This perspective helped me to think of money as a much less terrifying force. I used to be petrified of it. Afraid I’d never have enough. Afraid that my pursuit of it, no matter how noble my path, might consume me if I didn’t remain on constant watch.
Now I see it for what it is – fuel that gets me from where I am now to where I want to be next. In this way it’s become a very selfless entity – something that shows up when I need it, allows me to use it to the best of my ability, and then happily changes hands without even so much as a glance back at me over its shoulder.
It feels good to no longer see it as a foe, but rather as an ally.
For a long time I’ve defined that I make a living as a product developer and I make a life by writing and teaching yoga. My dual-life can get exhausting, and more than that, I think it’s wasteful. And I hate waste of any kind. But this dual-life, in the short-term, is the safe road. It helps me to hedge my bets without really make any bets at all. I’m having a tough time letting go.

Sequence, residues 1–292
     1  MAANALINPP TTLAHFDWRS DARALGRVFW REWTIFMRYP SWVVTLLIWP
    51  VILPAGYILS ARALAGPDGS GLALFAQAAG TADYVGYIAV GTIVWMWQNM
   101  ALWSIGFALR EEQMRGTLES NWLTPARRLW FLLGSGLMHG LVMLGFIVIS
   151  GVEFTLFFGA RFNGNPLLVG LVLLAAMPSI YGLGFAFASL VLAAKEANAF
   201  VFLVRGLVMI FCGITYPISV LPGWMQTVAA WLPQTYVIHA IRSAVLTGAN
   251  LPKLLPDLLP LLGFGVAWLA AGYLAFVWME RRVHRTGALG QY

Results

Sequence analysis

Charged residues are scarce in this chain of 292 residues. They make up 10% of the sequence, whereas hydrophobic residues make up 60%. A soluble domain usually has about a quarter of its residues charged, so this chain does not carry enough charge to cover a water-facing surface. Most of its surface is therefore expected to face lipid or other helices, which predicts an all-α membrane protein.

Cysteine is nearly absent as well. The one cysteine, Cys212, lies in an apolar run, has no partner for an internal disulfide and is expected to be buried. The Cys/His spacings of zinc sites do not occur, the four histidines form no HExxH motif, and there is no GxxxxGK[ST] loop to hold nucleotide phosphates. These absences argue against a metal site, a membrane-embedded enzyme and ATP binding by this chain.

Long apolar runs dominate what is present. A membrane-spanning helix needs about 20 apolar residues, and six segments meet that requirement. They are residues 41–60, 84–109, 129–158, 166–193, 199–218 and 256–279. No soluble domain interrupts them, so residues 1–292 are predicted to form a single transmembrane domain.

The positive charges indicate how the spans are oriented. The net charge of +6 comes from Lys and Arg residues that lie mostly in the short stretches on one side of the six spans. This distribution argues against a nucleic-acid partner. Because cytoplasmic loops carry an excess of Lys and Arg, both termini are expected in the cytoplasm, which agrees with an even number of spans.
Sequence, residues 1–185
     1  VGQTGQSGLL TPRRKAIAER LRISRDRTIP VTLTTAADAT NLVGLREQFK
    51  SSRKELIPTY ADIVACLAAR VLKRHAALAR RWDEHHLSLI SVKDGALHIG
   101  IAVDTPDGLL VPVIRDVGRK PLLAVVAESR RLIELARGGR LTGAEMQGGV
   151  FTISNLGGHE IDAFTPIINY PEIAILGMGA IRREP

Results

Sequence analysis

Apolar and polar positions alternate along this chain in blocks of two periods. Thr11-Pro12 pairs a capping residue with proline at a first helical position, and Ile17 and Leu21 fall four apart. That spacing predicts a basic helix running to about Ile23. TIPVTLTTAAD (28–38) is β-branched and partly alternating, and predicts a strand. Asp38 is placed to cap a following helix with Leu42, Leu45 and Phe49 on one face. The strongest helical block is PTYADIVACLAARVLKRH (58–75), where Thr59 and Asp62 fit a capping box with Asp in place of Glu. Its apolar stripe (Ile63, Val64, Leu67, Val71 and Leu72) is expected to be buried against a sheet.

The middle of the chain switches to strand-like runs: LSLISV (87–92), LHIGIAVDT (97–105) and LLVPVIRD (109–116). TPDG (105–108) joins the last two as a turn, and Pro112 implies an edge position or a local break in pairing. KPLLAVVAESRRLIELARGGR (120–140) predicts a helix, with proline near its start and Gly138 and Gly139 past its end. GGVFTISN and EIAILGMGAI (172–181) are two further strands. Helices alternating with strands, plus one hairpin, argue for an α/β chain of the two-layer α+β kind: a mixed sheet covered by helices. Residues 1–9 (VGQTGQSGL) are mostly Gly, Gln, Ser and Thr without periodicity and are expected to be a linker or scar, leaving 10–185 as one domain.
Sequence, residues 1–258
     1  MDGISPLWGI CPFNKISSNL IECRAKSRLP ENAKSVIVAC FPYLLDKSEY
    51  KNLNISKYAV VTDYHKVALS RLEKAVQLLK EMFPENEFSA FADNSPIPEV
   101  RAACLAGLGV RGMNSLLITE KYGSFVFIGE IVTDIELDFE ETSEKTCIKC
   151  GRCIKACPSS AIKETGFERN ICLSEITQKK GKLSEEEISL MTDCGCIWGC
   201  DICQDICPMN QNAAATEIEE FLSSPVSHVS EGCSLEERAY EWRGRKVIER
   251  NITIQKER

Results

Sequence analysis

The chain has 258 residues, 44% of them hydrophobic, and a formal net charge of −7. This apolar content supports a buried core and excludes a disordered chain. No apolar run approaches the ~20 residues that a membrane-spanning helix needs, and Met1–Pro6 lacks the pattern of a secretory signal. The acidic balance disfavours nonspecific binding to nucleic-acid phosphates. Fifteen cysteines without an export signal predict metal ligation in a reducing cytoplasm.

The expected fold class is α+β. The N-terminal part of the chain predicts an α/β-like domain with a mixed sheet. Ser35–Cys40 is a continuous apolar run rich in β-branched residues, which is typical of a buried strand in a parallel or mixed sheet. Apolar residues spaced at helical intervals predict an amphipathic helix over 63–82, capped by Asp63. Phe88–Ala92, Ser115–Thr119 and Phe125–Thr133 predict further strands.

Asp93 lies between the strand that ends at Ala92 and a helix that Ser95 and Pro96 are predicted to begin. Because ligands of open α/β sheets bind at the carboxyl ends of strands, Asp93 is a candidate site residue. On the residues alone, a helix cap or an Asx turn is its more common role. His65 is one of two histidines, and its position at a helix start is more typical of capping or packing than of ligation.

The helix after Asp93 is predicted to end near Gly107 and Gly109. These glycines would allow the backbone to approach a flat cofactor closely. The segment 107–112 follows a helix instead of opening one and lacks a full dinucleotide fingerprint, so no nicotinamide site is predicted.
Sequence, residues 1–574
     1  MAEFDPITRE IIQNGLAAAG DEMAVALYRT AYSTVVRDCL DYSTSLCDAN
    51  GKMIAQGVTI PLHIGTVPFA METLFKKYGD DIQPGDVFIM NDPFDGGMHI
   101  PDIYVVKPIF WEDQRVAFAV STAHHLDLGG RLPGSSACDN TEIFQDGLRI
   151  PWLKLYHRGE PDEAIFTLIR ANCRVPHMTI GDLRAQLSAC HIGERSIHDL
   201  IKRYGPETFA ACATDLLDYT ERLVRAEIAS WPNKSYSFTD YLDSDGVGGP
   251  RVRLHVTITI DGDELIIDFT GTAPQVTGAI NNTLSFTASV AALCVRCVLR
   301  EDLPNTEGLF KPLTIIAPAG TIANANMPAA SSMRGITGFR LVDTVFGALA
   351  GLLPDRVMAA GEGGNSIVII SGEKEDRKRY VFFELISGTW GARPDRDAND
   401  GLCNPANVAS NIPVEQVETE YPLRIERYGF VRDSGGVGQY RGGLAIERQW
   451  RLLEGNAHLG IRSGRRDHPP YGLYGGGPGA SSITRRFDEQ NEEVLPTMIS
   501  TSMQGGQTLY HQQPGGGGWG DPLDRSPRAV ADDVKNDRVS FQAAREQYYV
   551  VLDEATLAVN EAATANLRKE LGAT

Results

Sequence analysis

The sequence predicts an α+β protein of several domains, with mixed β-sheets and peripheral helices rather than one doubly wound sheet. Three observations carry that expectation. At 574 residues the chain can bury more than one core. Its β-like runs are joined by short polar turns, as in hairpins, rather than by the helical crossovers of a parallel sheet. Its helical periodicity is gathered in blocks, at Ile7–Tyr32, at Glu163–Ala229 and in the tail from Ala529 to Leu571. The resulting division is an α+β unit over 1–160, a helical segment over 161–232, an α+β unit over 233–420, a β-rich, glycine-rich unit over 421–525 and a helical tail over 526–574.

As we begin to turn our attention toward the end of the year, I begin considering resolutions as a means of focusing my efforts for the turning of the calendar page. In 2012, my big ask of myself is that I figure out a way to bridge my worlds, turning how I make a living and how I make a life into one and the same.
One of the very happy side effects of meditation is how the mind becomes capable of time travel. Even now at the age of 35, I can imagine myself as a very old woman. And in that older me state, I can play out scenarios. If I don’t jump into Compass Yoga with both feet in 2012, I will regret not giving it my all. If I just play it safe, keep my head down, and find a way in the short term to be content with this dual-life, I’ll look back at 35 year old me and ask, “What were you so afraid of? Now time has passed you by. It’s too late. The window has closed.”